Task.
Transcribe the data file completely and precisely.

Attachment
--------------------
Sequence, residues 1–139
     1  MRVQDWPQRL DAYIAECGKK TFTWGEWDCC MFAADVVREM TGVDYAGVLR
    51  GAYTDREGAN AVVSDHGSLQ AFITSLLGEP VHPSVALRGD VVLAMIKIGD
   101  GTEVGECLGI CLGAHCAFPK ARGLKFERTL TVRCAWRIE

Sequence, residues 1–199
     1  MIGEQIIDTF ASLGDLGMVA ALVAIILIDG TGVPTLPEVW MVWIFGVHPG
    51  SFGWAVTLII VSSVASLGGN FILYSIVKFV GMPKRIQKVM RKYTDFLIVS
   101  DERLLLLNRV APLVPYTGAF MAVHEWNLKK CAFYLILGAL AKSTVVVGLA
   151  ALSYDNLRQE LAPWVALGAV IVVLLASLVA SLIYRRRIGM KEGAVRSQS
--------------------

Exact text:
Sequence, residues 1–139
     1  MRVQDWPQRL DAYIAECGKK TFTWGEWDCC MFAADVVREM TGVDYAGVLR
    51  GAYTDREGAN AVVSDHGSLQ AFITSLLGEP VHPSVALRGD VVLAMIKIGD
   101  GTEVGECLGI CLGAHCAFPK ARGLKFERTL TVRCAWRIE

Sequence, residues 1–199
     1  MIGEQIIDTF ASLGDLGMVA ALVAIILIDG TGVPTLPEVW MVWIFGVHPG
    51  SFGWAVTLII VSSVASLGGN FILYSIVKFV GMPKRIQKVM RKYTDFLIVS
   101  DERLLLLNRV APLVPYTGAF MAVHEWNLKK CAFYLILGAL AKSTVVVGLA
   151  ALSYDNLRQE LAPWVALGAV IVVLLASLVA SLIYRRRIGM KEGAVRSQS